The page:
IN DEFENSE OF INDULGENCIES, ONLY ONE COPY IN THE US

Generalis Controversia de Indulgentiis.

Cracow, In Archityp: Regia & Ecclesiast. Lazari, 1593.

£3,250

FIRST and only early edition. Folio. pp. (xvi) 224 (iv) 17 (i). Roman letter, with Italic. Printer’s device to t-p, decorated initials and typographical tailpieces. Intermittent slight foxing, the odd small marginal mark. A very good, well-margined copy, crisp and clean, in contemporary vellum, a few small old stains to covers. Spine in five compartments with double rule border, two decorative single rules to each, head of spine a bit cracked with minor loss, early ms title, early and c.1900 shelfmark labels. Inked over early ms. inscription and C19 library stamp of the seminary of Notre Dame de Puy in blank portion of t-p, early loose paper slip in French in black-brown ink.

A very good copy, tall, crisp and clean, of this most uncommon C16 reference text on the controversial question of indulgences. Walenty Widawski (Valentinus Laurentius Vidaviensis) (1537-1601) was a theologian, philologist and professor at the Jagellonian University in Cracow. His ‘Generalis Controversia de Indulgentiis’ is a masterful summa of the meaning, function, regulations and theology of papal indulgences. In the letter to the reader, Widawski attacks heretics who ‘fearlessly, stupidly, and impiously deny, desecrate, attack and persecute holy indulgences’. The fundamental point of the work is that with strong faith in confession a Catholic can request an indulgence from God and be granted absolution. The ‘Controversia’ is divided into questions, conclusions, corollaries, and examples concerning issues like the necessity of indulgences for justification, Lutheran polemics, the theological tradition of indulgences and their typological counterparts in the Old Testament, the benefits of prayer, fasting, and alms for the penitent, and the notorious tenet that ‘indulgences are worth as much as they sound’, depending on the authority, intention and willingness of the guarantor rather than solely on the piety of the receiver and the just cause for which they were requested. The last part contains an oration in which Widawski defends Scholastic theology not only from the attacks of the Protestants but also from Catholics like Erasmus, even though Scholasticism had successfully survived in Reformation and Counter-Reformation Europe alike. The volume is concluded by a beautiful funeral oration composed by Widawski for his late teacher, Marcin Glicius, in which theological and academic arguments are mellowed by Horace’s mournful and gentle reflections on death in ‘Dulce et decorum est pro patria mori’.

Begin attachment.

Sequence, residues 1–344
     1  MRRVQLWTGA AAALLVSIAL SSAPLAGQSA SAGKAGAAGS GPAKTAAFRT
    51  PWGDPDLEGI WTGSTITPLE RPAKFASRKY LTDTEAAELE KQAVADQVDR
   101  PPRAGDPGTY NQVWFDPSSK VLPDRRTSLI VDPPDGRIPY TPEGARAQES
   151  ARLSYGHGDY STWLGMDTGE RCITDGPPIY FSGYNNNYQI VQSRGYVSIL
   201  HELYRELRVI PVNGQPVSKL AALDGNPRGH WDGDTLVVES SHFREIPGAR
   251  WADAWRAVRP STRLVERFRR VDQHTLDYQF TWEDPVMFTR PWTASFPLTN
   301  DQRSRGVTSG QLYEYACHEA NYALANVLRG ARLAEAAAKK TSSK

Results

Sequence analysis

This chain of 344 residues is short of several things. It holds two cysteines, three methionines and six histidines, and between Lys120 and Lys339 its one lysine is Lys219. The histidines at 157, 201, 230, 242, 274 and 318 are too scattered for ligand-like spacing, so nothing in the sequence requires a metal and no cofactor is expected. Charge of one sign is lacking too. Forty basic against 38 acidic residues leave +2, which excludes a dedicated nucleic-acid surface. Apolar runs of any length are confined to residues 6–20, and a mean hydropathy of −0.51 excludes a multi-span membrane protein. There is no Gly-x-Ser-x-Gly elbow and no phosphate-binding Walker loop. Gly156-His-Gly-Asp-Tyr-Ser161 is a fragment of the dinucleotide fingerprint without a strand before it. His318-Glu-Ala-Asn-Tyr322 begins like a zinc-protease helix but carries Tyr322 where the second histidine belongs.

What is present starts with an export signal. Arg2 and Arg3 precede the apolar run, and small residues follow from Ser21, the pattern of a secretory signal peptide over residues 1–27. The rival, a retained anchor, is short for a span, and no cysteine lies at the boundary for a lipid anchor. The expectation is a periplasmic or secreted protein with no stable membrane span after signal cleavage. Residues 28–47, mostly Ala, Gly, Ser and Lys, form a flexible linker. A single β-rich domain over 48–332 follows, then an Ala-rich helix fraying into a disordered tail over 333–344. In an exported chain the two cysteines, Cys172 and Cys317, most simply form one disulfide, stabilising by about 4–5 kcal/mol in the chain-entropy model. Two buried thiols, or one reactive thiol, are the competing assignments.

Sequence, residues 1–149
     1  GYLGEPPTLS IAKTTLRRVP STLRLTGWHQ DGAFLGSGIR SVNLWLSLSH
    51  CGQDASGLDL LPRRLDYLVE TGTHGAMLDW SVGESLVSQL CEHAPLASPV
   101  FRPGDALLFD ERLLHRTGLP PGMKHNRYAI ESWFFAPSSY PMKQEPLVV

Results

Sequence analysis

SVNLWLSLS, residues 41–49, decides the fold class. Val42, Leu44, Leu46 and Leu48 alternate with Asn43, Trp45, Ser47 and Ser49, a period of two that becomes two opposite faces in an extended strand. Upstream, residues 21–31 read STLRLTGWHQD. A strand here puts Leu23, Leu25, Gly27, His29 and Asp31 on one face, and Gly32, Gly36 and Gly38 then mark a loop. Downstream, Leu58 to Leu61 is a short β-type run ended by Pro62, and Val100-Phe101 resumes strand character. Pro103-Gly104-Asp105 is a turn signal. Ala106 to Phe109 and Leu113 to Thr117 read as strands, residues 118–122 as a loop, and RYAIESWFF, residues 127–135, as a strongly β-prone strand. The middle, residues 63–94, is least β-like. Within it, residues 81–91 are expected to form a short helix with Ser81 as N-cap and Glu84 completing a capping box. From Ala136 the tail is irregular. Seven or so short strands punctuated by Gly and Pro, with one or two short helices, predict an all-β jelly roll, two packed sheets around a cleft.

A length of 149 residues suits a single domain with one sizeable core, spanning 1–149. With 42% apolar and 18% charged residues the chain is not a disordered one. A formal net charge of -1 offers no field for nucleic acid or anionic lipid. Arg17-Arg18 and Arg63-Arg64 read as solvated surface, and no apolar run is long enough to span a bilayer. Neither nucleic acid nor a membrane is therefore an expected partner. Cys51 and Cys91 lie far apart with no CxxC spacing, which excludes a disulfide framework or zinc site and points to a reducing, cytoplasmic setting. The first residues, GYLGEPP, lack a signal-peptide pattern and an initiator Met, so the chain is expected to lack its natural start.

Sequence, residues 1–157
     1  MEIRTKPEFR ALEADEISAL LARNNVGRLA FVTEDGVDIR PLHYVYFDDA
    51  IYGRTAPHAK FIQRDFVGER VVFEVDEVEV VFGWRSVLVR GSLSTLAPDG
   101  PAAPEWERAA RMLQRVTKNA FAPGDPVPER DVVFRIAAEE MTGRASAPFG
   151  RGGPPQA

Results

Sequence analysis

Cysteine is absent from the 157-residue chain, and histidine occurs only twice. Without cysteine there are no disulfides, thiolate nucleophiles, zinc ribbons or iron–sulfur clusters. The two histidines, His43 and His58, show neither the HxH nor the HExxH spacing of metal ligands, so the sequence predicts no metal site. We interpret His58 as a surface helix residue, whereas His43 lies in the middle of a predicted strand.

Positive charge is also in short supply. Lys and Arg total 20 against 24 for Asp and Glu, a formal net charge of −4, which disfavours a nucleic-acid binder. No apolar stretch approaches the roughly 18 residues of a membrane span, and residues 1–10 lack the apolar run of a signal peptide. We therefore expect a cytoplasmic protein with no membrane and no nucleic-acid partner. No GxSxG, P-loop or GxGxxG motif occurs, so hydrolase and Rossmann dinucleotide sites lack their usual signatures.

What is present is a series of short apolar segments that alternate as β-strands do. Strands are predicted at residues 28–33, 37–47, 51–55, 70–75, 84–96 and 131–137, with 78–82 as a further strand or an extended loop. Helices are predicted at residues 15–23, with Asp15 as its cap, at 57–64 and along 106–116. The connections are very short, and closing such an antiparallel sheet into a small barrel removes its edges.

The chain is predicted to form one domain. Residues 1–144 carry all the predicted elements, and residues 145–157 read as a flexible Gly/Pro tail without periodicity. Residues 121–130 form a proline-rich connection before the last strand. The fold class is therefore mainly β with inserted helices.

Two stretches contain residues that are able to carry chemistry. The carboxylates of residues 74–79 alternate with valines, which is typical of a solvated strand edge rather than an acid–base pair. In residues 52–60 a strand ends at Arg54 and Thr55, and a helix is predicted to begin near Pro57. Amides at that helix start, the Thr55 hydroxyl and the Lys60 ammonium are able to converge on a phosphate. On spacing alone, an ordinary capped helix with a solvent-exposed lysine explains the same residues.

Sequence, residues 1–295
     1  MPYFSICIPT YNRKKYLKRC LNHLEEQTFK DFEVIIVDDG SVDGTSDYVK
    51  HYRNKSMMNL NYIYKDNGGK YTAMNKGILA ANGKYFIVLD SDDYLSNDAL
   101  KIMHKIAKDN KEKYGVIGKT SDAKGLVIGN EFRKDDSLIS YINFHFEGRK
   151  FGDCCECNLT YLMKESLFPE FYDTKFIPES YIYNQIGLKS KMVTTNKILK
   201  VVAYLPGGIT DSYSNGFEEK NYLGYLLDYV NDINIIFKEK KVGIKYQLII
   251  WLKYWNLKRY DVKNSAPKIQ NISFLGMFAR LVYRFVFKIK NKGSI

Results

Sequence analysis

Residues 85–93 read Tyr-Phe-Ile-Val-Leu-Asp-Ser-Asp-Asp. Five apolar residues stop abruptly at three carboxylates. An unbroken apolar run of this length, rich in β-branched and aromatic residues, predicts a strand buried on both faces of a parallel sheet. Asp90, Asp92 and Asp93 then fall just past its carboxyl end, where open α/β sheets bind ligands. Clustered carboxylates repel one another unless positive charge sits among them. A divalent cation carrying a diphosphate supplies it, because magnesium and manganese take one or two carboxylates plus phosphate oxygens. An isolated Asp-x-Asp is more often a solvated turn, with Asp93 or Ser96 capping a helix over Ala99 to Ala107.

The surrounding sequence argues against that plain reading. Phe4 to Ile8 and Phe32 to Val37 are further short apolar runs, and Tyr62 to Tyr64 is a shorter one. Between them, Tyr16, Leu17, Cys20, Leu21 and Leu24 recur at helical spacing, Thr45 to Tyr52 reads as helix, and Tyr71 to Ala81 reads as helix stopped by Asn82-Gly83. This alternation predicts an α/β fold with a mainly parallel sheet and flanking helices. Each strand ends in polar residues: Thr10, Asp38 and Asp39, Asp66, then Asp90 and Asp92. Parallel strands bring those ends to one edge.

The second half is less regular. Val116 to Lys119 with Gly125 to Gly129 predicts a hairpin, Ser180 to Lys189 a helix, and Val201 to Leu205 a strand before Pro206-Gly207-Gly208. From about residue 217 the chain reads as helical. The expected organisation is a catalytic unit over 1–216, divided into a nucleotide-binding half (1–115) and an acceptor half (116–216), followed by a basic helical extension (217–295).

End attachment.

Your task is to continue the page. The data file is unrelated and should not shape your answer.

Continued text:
Jan Januszowski was the son and successor to the renowned Polish printer Łazarz Andrysowicz (d. 1577). Their Drukarnia Łazarzowa in Cracow, the most important printing centre in the Polish-Lithuanian Commonwealth, produced hundreds of high-quality books, of which half in Polish. Jan Januszowski devised the earliest Polish typefaces.

Only Kansas copy recorded in the US.

USTC 240012; Bibliografia polska 209; Adams, L285. Not in Wierzbowski.

L2756

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